Tuesday, October 09, 2007

THE COWS HAVE COME HOME

When Kalonzo and Raila had their spectacular falling out, the consensus was that the people of Ukambani had effectively locked themselves out of power for the next twenty years, and by the time the Raila tractor had run its course, the Kambas would have been reduced to political irrelevance much like the Luhya. However, all these analyses miss the point: democracy is not about giving people "a chance to rule" as the Luo are so fond of saying of Raila. Politics is all about taking risks and seeing whether they pan out or not. My reasons for thinking that Kalonzo is irrelevant have nothing to do with his electability; rather, when it comes to the 2nd liberatioin movement, he was Moi's hatchet man right up to the end. The only reason he joined the LDP rebels was that it had finally dawned on him that Moi did not consider him his natural successeor, a position he had reserved for Uhuru Kenyatta.

Kenyans must allow people to make their choice as they see fit. Intimidating people who "worship at a different church" will not be of any benefit, save to ghettoise minority communities at the expense of national cohesion and development. The ghettoisation of the Somalis was accompanied by harrowing tales of their savagery, which, as is often the case, happened to be false. I am yet to meet a people who are as loyal and generous as the Somalis. But the period in which they have been denied participation in the national development programme has resulted in them becoming more insular and isolationist and breeding extremists from among them. That is a danger that may well befall the people of Ukambani if the much anticipated Raila victory does not address their concerns.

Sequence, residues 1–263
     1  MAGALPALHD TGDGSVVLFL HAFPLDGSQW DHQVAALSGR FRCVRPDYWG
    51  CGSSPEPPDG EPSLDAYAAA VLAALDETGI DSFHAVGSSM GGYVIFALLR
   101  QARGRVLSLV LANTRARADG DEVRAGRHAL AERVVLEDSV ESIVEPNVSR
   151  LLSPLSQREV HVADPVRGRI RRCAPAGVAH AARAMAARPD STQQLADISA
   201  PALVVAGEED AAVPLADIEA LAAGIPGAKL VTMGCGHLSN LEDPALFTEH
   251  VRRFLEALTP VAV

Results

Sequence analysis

One of the most troubling developments though, has been the union of Kibaki, Uhuru and Moi on one platform. The acrimony of the referendum seems to have been forgotten. Kibaki and his surrogates are on record that they will not prosecute Moi. Kiraitu and Karua have been silenced in their desire to see Moi behind bars. More painful is the fact that Raila is also reading from the same script: leave Moi alone! In politics, as they say, there are no permanent friends or enemies, just permanent interests. Is it that Raila realises that his presidency, if it comes to pass, shall depend on the goodwill that Moi enjoys among different stakeholders? Perhaps Raila is making the same promises he made when he merged the NDP with Kanu prior to the 2002 general elections. After he is elected president, he may decide that his promises are not legally binding and arrest Moi anyway. I hope the latter is true. Allowing the looters of yesterday to go scot free in the name of forgiving and forgetting is a betrayal that we may not forgive Raila, or indeed Kibaki, for.

On a lighter note, have Kibaki and Raila destroyed their Kanu life membership cards? Remember how much it used to cost to become a life member of Kanu. Can they still be considered life memebrs? Moi is the only one who has never defected in his entire political career.

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